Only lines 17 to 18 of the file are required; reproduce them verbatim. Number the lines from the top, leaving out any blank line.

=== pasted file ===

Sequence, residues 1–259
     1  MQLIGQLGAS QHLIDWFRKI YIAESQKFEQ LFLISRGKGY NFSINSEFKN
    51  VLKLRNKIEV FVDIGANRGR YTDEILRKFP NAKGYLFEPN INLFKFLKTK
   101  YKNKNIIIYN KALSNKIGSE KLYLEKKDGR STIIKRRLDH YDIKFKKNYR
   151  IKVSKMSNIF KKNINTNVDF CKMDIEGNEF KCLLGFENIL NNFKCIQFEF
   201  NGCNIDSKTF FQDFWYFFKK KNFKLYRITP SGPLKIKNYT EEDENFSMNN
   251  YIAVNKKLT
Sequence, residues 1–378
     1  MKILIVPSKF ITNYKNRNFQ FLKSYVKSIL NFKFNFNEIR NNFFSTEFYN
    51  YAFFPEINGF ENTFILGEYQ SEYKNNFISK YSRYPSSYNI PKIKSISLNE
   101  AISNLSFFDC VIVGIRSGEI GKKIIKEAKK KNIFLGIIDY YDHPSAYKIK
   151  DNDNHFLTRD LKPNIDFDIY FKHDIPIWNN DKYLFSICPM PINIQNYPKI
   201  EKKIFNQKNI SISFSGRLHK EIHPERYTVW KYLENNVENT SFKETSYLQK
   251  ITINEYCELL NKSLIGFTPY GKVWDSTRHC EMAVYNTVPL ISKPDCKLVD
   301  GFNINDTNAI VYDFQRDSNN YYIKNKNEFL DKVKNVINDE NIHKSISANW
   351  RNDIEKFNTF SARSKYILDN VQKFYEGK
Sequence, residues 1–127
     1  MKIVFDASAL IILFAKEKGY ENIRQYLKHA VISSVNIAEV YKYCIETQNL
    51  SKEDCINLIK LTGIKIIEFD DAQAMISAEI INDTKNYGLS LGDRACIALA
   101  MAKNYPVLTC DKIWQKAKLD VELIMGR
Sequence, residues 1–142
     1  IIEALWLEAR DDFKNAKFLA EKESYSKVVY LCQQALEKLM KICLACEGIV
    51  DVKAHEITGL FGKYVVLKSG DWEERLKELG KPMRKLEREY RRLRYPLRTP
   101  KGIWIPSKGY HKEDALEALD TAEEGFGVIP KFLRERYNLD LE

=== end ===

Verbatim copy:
Sequence, residues 1–127
     1  MKIVFDASAL IILFAKEKGY ENIRQYLKHA VISSVNIAEV YKYCIETQNL